Paolo Serafini

The painting of religious subjects at the Venice Biennali 1895-1914

  • Abstract

Informations and abstract

Keywords: contemporary painting, religious subjects, documentary sources, Venice Biennali 1895-1914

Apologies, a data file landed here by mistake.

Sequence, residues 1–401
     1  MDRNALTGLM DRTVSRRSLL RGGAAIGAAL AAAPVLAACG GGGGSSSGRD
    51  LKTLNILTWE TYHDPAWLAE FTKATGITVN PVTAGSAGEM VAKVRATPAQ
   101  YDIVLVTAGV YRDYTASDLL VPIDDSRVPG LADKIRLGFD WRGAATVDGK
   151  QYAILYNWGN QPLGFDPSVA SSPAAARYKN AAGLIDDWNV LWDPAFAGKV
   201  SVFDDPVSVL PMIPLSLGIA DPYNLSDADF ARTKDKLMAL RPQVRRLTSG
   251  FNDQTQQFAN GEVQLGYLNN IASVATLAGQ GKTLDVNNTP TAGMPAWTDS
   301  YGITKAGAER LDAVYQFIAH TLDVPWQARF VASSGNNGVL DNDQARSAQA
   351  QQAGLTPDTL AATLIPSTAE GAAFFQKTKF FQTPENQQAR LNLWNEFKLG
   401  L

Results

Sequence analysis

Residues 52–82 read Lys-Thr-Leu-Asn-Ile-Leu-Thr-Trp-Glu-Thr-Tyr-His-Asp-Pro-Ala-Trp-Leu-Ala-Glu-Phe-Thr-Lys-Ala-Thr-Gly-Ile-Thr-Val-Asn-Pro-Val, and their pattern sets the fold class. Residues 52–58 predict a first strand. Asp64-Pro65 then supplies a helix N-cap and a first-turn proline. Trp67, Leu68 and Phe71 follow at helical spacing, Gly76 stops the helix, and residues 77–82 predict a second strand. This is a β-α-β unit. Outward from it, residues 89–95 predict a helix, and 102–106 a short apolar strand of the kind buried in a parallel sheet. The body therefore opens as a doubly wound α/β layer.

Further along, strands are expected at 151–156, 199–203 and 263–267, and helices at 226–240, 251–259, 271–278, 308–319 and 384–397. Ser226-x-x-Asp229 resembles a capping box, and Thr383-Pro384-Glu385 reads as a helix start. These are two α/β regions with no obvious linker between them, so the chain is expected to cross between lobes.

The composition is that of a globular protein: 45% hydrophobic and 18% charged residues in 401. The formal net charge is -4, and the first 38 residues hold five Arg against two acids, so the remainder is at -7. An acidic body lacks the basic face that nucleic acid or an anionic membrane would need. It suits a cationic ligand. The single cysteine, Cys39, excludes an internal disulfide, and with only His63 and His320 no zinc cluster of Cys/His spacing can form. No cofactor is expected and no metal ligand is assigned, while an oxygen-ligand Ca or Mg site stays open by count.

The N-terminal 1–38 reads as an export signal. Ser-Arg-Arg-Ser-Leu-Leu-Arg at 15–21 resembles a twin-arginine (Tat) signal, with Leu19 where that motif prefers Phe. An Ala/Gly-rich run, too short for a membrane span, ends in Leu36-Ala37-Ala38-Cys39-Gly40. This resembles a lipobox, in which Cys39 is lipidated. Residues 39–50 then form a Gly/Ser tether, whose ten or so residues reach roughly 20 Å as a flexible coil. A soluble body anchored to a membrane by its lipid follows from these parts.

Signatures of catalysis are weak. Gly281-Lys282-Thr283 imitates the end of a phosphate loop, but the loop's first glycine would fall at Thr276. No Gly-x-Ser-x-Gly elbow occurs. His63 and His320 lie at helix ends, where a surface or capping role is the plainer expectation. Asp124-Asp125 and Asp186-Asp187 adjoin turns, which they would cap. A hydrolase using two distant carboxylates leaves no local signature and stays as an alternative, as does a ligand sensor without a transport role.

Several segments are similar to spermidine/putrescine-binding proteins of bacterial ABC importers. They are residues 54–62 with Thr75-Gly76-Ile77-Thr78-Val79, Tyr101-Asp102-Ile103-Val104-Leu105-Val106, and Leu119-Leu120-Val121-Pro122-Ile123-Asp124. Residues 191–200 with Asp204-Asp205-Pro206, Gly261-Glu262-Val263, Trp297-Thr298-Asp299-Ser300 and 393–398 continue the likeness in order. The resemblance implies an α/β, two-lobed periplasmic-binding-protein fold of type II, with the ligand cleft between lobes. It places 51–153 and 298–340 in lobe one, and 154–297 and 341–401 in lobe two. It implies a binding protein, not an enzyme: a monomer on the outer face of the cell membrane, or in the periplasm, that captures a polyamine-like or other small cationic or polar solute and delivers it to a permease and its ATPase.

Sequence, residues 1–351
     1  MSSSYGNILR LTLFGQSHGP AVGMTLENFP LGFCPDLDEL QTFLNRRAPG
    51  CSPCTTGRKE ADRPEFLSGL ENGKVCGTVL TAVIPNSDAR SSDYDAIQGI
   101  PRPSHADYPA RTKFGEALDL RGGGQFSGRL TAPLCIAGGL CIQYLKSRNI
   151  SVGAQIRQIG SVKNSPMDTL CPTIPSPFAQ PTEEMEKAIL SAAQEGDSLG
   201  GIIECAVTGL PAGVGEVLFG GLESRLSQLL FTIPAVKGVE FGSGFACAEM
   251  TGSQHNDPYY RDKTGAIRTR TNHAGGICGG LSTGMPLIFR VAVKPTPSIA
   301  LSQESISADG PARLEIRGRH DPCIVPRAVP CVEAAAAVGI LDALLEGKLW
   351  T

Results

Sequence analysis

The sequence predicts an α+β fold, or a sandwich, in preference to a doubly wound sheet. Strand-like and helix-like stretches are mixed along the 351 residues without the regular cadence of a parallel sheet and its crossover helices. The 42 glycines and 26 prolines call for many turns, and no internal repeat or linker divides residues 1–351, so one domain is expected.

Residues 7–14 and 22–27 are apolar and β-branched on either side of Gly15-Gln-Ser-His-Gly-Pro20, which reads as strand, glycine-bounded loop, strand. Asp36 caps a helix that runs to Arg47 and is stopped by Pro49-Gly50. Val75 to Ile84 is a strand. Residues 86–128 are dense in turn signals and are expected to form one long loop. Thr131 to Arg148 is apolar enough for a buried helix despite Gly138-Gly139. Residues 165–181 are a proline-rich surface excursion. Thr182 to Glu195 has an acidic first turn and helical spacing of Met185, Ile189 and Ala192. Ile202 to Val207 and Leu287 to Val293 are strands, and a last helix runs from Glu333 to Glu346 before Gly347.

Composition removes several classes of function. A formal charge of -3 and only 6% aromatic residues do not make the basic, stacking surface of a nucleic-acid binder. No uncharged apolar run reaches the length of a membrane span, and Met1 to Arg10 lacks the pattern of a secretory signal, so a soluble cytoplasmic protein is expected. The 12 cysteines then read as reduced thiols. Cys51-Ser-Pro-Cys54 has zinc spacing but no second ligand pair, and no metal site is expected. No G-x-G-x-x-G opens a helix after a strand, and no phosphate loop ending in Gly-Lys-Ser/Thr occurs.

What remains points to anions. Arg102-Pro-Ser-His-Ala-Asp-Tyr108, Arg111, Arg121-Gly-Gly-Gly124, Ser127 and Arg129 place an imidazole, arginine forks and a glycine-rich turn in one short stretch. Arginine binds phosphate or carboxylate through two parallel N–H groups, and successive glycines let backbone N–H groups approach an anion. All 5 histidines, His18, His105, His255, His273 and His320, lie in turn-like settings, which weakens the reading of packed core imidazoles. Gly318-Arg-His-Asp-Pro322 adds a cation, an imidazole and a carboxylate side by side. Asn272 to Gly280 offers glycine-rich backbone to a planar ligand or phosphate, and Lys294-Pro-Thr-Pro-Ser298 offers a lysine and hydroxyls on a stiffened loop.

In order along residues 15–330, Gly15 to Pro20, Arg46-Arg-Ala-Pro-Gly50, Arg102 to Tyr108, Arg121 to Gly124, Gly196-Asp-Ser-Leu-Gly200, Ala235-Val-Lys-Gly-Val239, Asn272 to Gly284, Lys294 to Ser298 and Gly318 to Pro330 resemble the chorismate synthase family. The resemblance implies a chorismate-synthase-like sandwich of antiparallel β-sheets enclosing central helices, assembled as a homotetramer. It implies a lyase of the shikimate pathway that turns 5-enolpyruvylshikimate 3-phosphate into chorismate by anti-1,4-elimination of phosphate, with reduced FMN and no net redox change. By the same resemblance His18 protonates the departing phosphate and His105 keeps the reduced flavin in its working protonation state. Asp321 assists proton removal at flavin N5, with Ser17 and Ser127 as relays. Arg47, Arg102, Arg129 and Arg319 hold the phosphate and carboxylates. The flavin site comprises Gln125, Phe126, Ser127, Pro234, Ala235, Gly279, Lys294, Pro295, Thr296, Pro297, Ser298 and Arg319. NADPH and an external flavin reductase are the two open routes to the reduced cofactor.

The analysis of documentary sources provided by the catalogues of the Venetian Biennali, from the first in 1885 to the last preceding the first world war (1914), shows how pictorial production of the religious subject, as yet little studied, though not very numerous, had earned awards and recognition, was sold and held in high regard by the public, critics and the Italian and foreign press of the time. Religious works became famous: as in the case of the Madonnina (1897) by Roberto Ferruzzi which, thanks to the Alinari photographic reproductions, became one of the best-known and loved images in Italian painting at the end of the Nineteenth century, by transforming a traditional subject into something popular. The 1901 Biennale boasts the greatest number of sacred paintings; the fourth edition of the Venetian exhibition also presents two personal exhibitions of Gaetano Previati (who shows drawings of religious subjects, such as Saint Paul and the Deposition) and Domenico Morelli with «The Deposition of Christ, Christ mocked, Jairus' daughter, Christ on the waters, Christ tempted, as well as two versions of the Temptations of Saint Anthony». Both exhibitions are indicative of the importance and role of the religious theme in relation to developments and the historical artistic trends of the period: in fact, both artists, prefer the use of the traditional sacred theme to underline how the principal artistic problem, at the turn of the Nineteenth- Twentieth centuries, was that concerning new formal solutions. Moreover the Biennale of 1909, during which a personal exhibition of Franz von Stuckwas shown, should mentioned: there were numerous religious works in which mankind's constant and unceasing search into the deepest meanings of his spirit, the true subtlety of feeling, the depth of research, the intensity of expression is powerfully revealed. In the 1910 Biennale, as in the two following, it is clear to see how with a great number of European artists there is a widespread aptitude for search and probe into the mystery of man and all that surrounds him: as in the case of Gustav Klimt. It should be emphasized how there is no common, homogeneous code capable of representing this new sensitivity, but rather how the problem seems to be the search for a language capable of showing and representing the spirit, expressed clearly in the sacred character.

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